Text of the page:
Sound and light show, sound and light spectacle – the French term “Son et Lumière” has established itself in international parlance as a generic term for nocturnal entertainment, which is usually projected onto historically important buildings outdoors. Not surprisingly, as its roots go back to the curator of Château de Chambord on the Loire, Paul Robert-Houdin, who first staged such a spectacle on the buildings of the castle in 1952, with the art of Son et Lumière. Another important project which marked the beginning of this new art form was the show at the pyramids of Giza in the early 1960s. The first show of this kind was staged in the USA in 1962, on the facade of the Independence Hall in Philadelphia, and in 1965 in India, at the Red Fort in Delhi. Other countries have also developed their own traditions; Great Britain, Canada, Peru and Colombia.
While actors were often integrated into the projects in the early years, today the focus is on spectacles with high-performance projectors and sound systems – this is mostly due to developments in technology as well as cost considerations
Son et Lumière gets under your skin, it appeals to your senses and has developed into a unique art form. Light and sound, pictures and videos, music and sound effects merge to create a holistic experience, sometimes supplemented by fireworks and water elements, and continuously evolving interactive elements.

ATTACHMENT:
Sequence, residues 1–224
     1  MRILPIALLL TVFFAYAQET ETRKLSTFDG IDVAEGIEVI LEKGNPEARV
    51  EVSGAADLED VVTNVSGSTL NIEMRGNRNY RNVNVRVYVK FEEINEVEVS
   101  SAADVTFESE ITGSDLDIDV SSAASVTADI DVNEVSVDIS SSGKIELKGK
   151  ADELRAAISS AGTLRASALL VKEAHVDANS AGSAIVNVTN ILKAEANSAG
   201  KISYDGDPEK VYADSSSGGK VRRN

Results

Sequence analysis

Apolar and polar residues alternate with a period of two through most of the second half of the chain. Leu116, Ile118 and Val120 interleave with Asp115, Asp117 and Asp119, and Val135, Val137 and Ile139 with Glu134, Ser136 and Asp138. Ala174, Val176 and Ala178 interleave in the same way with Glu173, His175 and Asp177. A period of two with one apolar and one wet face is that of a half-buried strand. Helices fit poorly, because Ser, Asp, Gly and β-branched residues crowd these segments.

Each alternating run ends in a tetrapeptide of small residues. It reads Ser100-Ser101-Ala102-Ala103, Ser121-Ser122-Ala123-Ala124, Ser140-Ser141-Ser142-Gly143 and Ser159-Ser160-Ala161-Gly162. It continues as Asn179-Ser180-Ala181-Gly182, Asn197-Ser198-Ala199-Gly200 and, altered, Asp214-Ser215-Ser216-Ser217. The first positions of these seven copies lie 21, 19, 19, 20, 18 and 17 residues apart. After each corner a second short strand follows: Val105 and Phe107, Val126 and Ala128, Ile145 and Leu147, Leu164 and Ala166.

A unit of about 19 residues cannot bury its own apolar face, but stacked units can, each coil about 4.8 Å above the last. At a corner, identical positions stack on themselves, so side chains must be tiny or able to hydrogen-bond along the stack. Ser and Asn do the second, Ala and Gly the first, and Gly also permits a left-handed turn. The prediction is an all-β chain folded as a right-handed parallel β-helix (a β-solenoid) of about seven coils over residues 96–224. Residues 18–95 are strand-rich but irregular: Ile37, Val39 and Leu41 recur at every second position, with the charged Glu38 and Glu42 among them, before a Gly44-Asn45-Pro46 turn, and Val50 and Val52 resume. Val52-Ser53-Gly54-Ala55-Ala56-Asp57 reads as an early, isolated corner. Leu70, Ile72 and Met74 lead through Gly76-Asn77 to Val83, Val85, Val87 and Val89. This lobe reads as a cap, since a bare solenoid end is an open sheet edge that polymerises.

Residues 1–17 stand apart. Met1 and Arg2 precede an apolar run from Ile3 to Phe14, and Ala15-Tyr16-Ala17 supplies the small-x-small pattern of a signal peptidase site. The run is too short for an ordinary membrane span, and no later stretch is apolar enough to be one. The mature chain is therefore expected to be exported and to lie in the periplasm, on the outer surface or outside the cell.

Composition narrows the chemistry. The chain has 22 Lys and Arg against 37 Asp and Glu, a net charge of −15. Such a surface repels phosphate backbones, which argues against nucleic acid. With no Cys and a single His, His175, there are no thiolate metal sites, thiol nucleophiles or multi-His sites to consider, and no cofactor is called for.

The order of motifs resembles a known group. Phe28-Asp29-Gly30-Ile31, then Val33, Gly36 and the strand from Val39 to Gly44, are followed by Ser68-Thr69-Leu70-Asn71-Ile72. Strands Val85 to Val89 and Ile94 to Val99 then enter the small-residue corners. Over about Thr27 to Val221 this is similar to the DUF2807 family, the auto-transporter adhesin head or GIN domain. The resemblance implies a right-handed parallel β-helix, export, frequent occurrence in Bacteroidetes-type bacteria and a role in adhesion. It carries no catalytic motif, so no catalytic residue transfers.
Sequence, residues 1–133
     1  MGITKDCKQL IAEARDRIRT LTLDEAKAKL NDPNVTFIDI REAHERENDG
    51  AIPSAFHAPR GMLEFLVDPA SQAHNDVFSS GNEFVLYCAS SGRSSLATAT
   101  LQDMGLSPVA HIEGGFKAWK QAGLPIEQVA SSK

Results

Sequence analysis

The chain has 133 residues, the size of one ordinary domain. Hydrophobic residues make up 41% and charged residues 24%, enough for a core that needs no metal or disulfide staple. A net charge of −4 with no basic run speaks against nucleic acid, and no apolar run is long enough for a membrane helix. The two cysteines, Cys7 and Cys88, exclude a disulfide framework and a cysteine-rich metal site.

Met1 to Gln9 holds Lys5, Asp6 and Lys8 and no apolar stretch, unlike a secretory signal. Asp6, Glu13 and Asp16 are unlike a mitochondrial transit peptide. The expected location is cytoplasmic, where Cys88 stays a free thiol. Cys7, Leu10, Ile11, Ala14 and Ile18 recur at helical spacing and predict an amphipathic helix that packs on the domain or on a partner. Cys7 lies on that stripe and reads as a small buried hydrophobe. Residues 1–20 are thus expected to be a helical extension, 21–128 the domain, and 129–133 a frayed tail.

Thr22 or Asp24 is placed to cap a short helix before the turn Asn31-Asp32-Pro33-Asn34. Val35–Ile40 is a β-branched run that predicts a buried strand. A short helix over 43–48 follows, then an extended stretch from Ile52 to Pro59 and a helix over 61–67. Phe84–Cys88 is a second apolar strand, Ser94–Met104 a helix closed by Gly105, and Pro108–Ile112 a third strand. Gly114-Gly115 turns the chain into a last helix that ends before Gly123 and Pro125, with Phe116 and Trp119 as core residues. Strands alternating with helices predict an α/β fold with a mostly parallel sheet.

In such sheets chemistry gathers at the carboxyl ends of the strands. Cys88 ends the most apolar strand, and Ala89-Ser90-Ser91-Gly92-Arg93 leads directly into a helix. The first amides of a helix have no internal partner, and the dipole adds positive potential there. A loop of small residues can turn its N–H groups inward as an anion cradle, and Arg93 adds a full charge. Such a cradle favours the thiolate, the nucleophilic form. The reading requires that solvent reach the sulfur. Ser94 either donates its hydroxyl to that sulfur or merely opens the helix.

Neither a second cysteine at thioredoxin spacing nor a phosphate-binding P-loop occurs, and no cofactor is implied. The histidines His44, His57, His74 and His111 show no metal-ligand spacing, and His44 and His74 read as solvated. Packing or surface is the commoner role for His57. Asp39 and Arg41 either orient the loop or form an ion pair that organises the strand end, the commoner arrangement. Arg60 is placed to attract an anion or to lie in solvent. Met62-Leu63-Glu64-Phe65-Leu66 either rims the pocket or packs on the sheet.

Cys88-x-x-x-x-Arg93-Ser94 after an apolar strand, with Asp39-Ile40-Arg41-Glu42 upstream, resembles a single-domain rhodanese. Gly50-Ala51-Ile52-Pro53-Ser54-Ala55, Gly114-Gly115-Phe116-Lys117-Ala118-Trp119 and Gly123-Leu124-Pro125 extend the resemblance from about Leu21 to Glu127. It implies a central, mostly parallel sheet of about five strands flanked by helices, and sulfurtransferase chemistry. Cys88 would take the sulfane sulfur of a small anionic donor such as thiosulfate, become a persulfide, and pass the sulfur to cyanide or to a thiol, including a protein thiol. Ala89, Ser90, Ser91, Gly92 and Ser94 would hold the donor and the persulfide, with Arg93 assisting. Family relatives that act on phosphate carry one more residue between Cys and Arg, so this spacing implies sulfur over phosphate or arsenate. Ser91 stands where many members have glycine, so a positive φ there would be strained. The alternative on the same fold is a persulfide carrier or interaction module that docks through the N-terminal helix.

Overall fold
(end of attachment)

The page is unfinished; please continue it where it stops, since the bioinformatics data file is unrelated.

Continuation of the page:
Starlight Events (www.starlights.ch) created a new focal point in Switzerland in 2011 with “Rendez-vous Bundesplatz“, and in the following year designed and realized projects on the international stage: in Seoul, in the run-up to Switzerland’s participation in the World Exhibition of Yeoshu/South Korea, and in Port Hercule in Monaco, marking the return of Planet Solar, the first solar-powered boat to circumnavigate the world.
The nocturnal spectacle was predestined for projection onto historical buildings and manor houses; modern architectural backgrounds have also grown in popularity, especially in France. Today, Son-et-Lumière shows are held regularly at over fifty locations, from Les Baux to Nancy, from Avignon to Strasbourg.
The capital of Son et Lumière is still France: at the beginning of December, Lyon will stage a four-day “Fête des lumières“. Around one million spectators per day admire the Festival of Lights in Lyon.
It depends on many factors. The building itself, its structure, the type of façade, the style and type of show, the technology required and, of course, the duration of the spectacle. A minute costs between 5,000 and 10,000 francs.